Let me give you another example. The total freight tonnage on Interstate 80/90 between Chicago and New York City (combined routes west of Cleveland, of course) is about 150 million gross tons per year. For Norfolk Southern and CSX on their Chicago - New York City routes, their total freight tonnage is 200 million gross tons, or nearly 60 percent of that market.

Go to Berea sometime and watch all the container trains go by. You'll be watching the "Panama Canal Bypass" in action. Or, you'll see lots of general freights, many carrying hazardous materials. Remember that each of those rail cars is doing the job of three trucks. If we make it harder for the railroads to handle the freight in a cost-effective way, trucks are exactly where that freight will go.

Sorry for the run-on message....

KJP
« Last Edit: May 15, 2005, 10:40:02 PM by KJP »
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Offline Map Boy

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Re: Relocate Cleve freight rail, says Zone
« Reply #9 on: November 20, 2005, 08:47:20 PM »
Well, this is interesting!  I missed this the first time through...  So, same questions as before... is this something you could see happening KJP?  If so, this really could open up loads of opportunities for extending the Waterfront lines!

Offline clvlndr

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Re: Relocate Cleve freight rail, says Zone
« Reply #10 on: November 20, 2005, 08:57:37 PM »
I know KJP praised the quality of the feight lines through Cleveland, but it doesn't make sense, to me, to have such lines take hazardous and noisy trains through high-pop areas.  The bypass makes total sense.  And maybe, if we can blunt the Bushies, we can get traction on the Amtrak hub which could, also, involve regional commuter trains over those tracks.

Offline noozer

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Re: Relocate Cleve freight rail, says Zone
« Reply #11 on: November 20, 2005, 09:39:59 PM »
What Mr. Zone seems to forget is that these railroad lines are governed through Interstate Commerce rules and regulations.  I doubt that a city council ordinance prohibiting hazardous rail cargoes on the Lake Front line is going to go very far, as federal laws will pretty much trump a local ordinance if there is a conflict between the two.  The railroads, I can assure you, will fight this as well.  A similar local ordinance in DC is cuurrently in the courts.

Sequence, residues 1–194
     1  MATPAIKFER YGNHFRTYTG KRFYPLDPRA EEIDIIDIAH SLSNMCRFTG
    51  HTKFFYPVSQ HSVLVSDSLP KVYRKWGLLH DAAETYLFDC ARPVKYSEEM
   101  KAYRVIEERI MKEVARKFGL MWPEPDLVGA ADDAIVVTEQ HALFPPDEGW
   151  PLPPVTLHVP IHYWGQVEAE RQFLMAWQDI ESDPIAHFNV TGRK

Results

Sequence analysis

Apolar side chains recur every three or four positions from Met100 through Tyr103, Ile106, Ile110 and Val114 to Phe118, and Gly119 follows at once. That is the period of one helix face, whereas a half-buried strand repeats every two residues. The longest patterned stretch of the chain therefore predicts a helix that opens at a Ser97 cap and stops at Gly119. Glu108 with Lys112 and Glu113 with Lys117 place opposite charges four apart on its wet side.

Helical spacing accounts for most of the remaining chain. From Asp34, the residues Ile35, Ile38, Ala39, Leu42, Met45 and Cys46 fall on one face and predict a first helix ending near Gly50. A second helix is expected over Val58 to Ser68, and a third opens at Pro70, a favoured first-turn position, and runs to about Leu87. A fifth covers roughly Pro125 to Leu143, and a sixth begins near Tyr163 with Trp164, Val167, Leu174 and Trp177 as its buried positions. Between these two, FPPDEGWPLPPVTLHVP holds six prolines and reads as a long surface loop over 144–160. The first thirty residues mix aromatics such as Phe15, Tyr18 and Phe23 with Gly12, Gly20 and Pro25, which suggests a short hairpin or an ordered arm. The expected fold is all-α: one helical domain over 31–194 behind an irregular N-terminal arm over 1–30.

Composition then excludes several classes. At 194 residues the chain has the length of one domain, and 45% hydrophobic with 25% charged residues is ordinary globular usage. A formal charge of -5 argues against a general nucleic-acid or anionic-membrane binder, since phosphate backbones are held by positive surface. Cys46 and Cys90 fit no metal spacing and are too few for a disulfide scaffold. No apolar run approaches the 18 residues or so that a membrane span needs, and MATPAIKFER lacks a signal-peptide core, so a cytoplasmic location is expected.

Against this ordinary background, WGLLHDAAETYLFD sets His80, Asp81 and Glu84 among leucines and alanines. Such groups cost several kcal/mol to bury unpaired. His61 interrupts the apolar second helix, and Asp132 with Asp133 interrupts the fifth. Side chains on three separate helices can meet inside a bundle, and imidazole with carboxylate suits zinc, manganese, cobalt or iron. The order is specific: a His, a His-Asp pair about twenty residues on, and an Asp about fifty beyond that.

Such local laws also raise the problem of "if not here, then where?"  What makes it any less hazardous to run trains through someone else's  community?  I'm sure Cleveland will have a fight on it's hands if some suburban community suddenly realizes that it will be getting all of this freight traffic.

Another issue:  what constitutes as hazardous load and how can such a load be diverted without slowing down the flow of freight traffic?  I can assure you the railroads will raise these questions.  Also, who is to say noise couldn't be construed by some as a hazard?  Where is the line drawn?

Any kind of bypass is going to have to take these factors into account.  This isn't as easy as Zone makes it sound.
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Offline noozer

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Re: Relocate Cleve freight rail, says Zone
« Reply #12 on: November 21, 2005, 02:41:11 PM »
Here are a couple of news releases from the Association of American Railroads.  yes, it is the lobbying arm of the railroad industry, but I have found most of their information to be valid and a great resource.  Their website is www.aar.org

Information on Rail Hazmat Transport


• Rail is the safest method of shipping hazardous materials. Railroads have an outstanding track record in safely delivering hazardous materials – 99.998 percent of hazardous materials carloads arrive at their destination without a release caused by a train accident.  Hazmat accident rates have declined 90 percent since 1980 and 49 percent since 1990.